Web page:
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Virtual nursing: Using innovation to care for patients

By The Health News Team | June 26, 2024
The Sharp Virtual Nursing program team members

The Sharp Virtual Nursing program team members outside of the Sharp Prebys Innovation and Education Center. (L - R) Lauren Anaya, Jennifer Arcega, Tracy Plume, Hannah Mancini, Stefi Olson, Kara Yetter

Anyone who has been hospitalized — or has been with a loved one while they were receiving care in the hospital — knows it can sometimes be a waiting game when preparing to be discharged. The doctor needs to share instructions with the nurse, who, in turn, shares it with the patient; medications need to be ordered at the pharmacy; and sometimes, transportation arrangements need to be made to ensure the patient arrives safely at their next destination.

Enter an additional and innovative way to care for patients in Sharp’s acute care hospitals: the Sharp HealthCare Virtual Nursing Program. Through this added resource, Sharp nurses — who are remotely set up in Sharp’s main headquarters in the Kearny Mesa area — can assist clinical nurses stationed near patients’ bedsides.

Reduced burnout, improved experience

Sharp’s Virtual Nursing Program launched in April of this year and is currently being used on two units at Sharp Memorial Hospital for patients who meet specific criteria. During the early phase, an average of 20 patients per day have used the program. The goal is to expand the program to Sharp’s other acute-care hospitals by the fall and add additional full-time nurses to support them.

“We have reached a time in nursing where the administrative burdens placed on the bedside nurse is taking precious time away from our patients,” said Tracy Plume, MSN-L, RN, director of Centralized Patient Placement at Sharp. “The nursing workload is feeling more and more unmanageable, adding to feelings of burnout and turnover.”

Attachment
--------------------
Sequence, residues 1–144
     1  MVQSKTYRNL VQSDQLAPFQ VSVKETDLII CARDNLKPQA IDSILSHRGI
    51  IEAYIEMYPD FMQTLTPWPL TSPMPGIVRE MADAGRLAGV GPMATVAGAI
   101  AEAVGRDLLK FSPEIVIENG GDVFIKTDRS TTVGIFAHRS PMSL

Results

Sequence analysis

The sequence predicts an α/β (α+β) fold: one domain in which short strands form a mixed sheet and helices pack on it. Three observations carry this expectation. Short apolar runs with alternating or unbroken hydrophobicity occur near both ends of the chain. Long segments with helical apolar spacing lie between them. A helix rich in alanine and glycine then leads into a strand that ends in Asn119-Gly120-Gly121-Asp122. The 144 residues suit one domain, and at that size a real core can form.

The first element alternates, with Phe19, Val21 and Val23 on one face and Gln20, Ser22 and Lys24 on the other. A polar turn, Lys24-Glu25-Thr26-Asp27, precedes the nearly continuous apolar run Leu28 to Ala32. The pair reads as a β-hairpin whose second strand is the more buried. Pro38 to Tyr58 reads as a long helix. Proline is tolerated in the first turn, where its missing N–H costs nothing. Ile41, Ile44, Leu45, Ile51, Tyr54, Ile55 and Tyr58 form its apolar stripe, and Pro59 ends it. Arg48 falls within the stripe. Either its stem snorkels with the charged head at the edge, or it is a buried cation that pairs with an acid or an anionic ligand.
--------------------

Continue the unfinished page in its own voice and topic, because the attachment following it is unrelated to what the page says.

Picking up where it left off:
Through Sharp’s Virtual Nursing Program, Plume shares that Sharp nurses can now offer telehealth visits with certain patients. This allows nurses at the bedside to focus on the immediate needs of their patients.

Additional support for both nurses and patients

Using a bedside tablet, Sharp virtual nurses meet with a patient to conduct virtual visits for admission and discharge. They answer specific questions about the patient’s care and counsel them on what to expect after leaving the hospital. They also instruct patients how to set up and monitor their health records by using the Sharp app; arrange for discharge supplies, such as gauze and bandages; and even help schedule transportation arrangements.

“This in no way replaces the nurse at the bedside,” said Kara Yetter, MSHI, BSN, supervisor of Virtual Nursing at Sharp HealthCare. “This is additional nursing support for nurses and the entire care team at the bedside. Together, the virtual nurse operates and rounds with the onsite nurse as a team, discusses areas where virtual support could be beneficial, and collaborates with the floor nurses.

This ensures, Yetter says, Sharp is providing the most streamlined care possible for the patient. “It has been so exciting to use technology in a way that adds a nurse patient connection and gives the patient a better understanding of their care plan,” she says.